Recent years have seen the rise of fast-fashion behemoths like Forever 21, H&M, Zara—the list goes on. Even stores without their reputation for lickety-split knockoffs seem to be pushing towards tighter production cycles and cheaper offerings. But are customers ready to embrace buying fewer items that cost more money?
The Wall Street Journal kicks off Fashion Week with a piece suggesting that's the case — or at least, that retailers are hoping it is. The Journal spotlights several companies in particular, including Zady and Everlane, that are "encouraging shoppers to build simpler, smaller and longer-lasting wardrobes." Many emphasize provenance, so you can buy with the confidence you aren't supporting a supply-chain that involves sweatshops.
But they're all relatively new companies, and it's too soon to tell whether they can go the distance. Even if they do manage to thrive, that doesn't mean fast fashion is vanquished, either. Their marketing strategy is counter-programming, pointing to the Forever 21s of the world as something undesirable, even déclassé. But that's more likely to appeal to higher-end customers, who probably aren't the ones keeping H&M in synthetic leather trimmings. Hell, their pitch works better if the vast majority of Americans are buying lots of cheap crap.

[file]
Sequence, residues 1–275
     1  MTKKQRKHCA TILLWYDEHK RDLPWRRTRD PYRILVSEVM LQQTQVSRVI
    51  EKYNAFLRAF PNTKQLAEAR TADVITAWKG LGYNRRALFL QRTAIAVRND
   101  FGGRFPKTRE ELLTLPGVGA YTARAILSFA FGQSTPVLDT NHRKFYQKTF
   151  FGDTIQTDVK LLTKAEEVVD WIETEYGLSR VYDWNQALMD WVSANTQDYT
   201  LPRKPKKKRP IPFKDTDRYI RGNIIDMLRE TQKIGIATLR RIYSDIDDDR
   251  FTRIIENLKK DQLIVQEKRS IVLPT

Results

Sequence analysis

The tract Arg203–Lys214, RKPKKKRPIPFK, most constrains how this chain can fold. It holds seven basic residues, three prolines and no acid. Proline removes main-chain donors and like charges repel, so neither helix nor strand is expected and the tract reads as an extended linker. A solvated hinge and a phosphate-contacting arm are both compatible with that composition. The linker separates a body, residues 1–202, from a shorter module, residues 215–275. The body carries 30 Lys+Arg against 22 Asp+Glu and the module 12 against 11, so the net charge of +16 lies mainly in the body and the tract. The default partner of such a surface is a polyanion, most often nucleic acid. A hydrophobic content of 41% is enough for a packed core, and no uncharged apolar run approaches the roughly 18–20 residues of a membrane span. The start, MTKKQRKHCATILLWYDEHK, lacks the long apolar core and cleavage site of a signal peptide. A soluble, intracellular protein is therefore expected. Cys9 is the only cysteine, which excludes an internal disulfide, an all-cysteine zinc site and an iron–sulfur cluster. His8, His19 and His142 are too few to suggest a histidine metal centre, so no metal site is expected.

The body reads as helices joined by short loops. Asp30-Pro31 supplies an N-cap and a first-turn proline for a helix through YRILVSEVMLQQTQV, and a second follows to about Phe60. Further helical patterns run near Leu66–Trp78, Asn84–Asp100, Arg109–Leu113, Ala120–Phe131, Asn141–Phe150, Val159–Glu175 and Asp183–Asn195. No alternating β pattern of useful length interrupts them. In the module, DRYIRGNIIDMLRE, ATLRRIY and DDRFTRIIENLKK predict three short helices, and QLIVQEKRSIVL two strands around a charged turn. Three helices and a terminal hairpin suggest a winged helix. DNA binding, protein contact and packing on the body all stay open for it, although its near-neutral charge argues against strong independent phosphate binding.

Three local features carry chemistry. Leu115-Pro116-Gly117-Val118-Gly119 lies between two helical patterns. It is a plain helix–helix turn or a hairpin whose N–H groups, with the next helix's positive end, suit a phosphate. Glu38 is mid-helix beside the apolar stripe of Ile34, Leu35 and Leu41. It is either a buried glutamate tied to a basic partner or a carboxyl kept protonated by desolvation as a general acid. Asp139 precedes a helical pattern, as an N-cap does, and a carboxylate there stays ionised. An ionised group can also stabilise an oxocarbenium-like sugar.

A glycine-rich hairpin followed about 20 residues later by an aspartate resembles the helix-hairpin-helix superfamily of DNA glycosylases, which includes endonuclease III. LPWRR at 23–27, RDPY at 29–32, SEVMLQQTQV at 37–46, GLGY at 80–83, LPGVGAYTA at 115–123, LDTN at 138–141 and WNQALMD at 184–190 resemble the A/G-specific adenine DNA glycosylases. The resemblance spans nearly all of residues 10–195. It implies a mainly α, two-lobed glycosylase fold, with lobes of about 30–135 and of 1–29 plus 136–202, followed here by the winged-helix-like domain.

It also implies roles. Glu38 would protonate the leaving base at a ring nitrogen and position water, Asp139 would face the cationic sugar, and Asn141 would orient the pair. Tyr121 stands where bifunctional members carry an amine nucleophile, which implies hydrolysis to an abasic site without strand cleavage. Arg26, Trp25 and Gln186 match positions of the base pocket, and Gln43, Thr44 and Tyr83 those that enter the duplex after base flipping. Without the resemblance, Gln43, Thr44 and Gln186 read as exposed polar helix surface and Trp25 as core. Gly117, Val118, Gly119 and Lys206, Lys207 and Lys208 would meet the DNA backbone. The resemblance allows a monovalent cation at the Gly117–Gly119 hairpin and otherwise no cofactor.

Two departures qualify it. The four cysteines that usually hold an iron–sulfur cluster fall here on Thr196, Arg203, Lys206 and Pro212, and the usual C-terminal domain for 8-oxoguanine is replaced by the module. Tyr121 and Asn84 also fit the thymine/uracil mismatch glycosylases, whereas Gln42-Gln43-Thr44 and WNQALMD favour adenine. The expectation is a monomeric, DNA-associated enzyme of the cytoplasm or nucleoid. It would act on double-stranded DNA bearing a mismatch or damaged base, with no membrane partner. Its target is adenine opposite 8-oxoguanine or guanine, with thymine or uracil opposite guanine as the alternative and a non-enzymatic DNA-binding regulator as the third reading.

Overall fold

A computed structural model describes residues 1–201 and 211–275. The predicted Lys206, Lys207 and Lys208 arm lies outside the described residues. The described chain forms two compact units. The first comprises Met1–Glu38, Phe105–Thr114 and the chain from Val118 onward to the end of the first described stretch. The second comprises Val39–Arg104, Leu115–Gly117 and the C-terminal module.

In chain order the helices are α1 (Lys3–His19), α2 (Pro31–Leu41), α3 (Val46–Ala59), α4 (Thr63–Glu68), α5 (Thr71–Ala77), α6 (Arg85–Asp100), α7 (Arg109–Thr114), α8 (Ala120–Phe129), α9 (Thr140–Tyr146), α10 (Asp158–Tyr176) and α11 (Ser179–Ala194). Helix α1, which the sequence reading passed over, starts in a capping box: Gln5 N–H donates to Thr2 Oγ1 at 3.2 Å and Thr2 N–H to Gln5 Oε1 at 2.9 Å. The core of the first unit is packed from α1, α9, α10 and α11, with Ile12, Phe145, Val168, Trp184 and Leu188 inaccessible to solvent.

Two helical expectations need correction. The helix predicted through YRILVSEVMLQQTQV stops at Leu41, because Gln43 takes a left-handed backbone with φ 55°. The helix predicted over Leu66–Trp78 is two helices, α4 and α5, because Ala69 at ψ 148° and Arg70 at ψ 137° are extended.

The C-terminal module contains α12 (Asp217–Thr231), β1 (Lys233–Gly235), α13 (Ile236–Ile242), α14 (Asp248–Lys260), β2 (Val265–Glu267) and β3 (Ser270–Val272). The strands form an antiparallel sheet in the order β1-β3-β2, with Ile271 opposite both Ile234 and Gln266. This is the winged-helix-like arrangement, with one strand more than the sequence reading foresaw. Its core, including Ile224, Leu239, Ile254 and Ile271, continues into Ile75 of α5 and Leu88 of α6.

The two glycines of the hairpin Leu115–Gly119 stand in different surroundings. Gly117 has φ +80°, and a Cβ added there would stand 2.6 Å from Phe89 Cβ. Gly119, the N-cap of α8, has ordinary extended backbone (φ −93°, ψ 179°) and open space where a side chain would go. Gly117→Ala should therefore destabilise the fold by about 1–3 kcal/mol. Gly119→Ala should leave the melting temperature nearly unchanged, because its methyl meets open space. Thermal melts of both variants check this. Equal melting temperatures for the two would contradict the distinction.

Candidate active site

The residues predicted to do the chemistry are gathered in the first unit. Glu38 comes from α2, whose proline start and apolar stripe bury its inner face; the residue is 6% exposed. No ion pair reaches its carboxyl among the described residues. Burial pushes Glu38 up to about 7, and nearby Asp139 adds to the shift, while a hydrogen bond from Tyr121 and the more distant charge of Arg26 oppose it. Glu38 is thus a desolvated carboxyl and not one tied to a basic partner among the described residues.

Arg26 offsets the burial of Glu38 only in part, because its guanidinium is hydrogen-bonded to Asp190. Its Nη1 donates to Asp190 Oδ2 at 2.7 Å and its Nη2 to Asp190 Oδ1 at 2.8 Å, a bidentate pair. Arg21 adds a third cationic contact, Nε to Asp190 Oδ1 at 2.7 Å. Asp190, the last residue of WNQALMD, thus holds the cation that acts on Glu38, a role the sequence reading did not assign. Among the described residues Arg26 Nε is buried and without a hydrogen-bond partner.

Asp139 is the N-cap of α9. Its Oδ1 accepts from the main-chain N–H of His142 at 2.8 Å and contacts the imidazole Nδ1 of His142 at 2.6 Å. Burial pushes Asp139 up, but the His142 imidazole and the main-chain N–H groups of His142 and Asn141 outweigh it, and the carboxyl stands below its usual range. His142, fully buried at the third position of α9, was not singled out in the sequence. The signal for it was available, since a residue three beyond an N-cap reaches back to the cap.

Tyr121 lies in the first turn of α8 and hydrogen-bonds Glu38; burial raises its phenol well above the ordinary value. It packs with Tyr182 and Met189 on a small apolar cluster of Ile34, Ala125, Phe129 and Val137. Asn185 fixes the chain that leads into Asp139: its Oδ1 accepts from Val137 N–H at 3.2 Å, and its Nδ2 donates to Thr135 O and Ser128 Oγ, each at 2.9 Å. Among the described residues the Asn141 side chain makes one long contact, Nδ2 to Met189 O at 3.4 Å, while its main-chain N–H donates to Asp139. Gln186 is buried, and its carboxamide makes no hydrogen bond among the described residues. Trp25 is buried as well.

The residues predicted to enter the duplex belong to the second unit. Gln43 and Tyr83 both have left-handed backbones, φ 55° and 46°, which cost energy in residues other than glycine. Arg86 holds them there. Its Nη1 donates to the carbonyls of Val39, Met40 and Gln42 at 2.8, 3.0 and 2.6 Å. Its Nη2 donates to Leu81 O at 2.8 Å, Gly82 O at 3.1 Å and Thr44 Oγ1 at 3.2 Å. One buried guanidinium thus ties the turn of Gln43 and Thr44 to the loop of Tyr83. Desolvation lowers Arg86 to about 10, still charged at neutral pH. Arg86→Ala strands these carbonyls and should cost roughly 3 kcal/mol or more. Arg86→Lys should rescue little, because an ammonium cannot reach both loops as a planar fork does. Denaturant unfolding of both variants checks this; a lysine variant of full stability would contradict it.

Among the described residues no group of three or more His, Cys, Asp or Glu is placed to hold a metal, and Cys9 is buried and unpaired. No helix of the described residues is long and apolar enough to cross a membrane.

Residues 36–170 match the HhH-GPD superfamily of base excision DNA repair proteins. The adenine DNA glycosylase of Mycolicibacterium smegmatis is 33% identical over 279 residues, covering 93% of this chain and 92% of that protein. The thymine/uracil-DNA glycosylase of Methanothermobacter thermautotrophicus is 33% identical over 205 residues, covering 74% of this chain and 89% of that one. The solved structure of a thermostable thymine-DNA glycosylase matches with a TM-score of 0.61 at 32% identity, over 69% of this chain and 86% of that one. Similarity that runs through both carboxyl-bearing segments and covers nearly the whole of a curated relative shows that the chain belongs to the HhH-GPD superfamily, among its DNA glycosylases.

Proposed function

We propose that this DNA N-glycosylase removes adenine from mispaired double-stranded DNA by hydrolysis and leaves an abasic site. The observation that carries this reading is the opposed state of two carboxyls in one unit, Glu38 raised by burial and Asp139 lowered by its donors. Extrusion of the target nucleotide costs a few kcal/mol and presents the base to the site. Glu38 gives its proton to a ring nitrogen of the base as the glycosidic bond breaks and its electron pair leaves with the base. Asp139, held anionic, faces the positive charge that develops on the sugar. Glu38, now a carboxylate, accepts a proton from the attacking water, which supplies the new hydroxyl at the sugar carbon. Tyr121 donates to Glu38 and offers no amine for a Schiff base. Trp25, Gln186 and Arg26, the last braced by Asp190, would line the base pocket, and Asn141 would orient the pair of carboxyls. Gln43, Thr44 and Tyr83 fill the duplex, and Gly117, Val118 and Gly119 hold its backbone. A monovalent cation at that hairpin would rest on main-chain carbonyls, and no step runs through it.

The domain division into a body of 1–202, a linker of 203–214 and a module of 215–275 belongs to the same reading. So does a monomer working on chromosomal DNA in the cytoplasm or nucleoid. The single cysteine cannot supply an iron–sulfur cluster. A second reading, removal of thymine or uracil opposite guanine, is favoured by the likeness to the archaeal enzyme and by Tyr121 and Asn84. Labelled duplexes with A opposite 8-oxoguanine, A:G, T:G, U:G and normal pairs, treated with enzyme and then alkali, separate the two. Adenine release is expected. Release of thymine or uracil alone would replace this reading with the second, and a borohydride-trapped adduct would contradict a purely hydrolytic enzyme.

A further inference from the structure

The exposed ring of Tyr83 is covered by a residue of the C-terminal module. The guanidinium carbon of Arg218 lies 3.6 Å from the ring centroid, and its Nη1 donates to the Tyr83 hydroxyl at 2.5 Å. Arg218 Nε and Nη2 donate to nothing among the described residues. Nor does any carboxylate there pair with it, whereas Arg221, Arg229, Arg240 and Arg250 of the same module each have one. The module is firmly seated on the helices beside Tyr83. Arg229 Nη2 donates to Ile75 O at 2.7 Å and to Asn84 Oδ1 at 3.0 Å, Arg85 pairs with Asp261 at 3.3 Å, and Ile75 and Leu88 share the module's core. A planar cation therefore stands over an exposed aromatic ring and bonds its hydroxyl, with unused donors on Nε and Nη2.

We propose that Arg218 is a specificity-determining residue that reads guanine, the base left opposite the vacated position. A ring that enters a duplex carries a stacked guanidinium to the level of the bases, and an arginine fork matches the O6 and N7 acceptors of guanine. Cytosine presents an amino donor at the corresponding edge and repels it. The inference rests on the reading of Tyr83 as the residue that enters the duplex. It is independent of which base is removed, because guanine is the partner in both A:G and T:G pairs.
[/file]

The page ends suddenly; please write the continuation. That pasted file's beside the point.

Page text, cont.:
And the kinds of companies showing at New York Fashion Week have a vested interest in this narrative, as well. They might not have a spiel about a rural craftswoman hand-sewing upscale denim, but they certainly like the idea of the "investment piece" offering more cache than the fast-fashion copy.
All that said, there is some evidence Americans are shifting their habits. "People are not buying just to buy anymore," said the American Apparel & Footwear Association's Nate Herman. His stats say we're spending more money, but the actual number of items purchased peaked in 2005. But a Wells Fargo analyst counters that, "There is still an appetite for bargains out there."
I suspect what'll tell the tale is what happens as customers age out of the biggest fast-fashion chains. Yes, dressing your age is dead, but a middle-aged career woman simply cannot stock her closet from H&M alone. She needs things they're just not set up to provide. The question is, does she shop the same way at different stores, or change her habits? According to the cofounders of online retailer Of a Kind:
"A lot of our customers are graduating from fast fashion and trying to wrap their heads around how to spend $200 on a dress," says Ms. Mazur. Ms. Cerulo says part of the website's marketing job is to ease shoppers into new spending categories. "We have an audience who is growing with us," she says.
Can't wear sequins forever, ladies (unless somebody revives the stylistic paradigm of Dynasty, which I would be all for).
Photos via AP Images.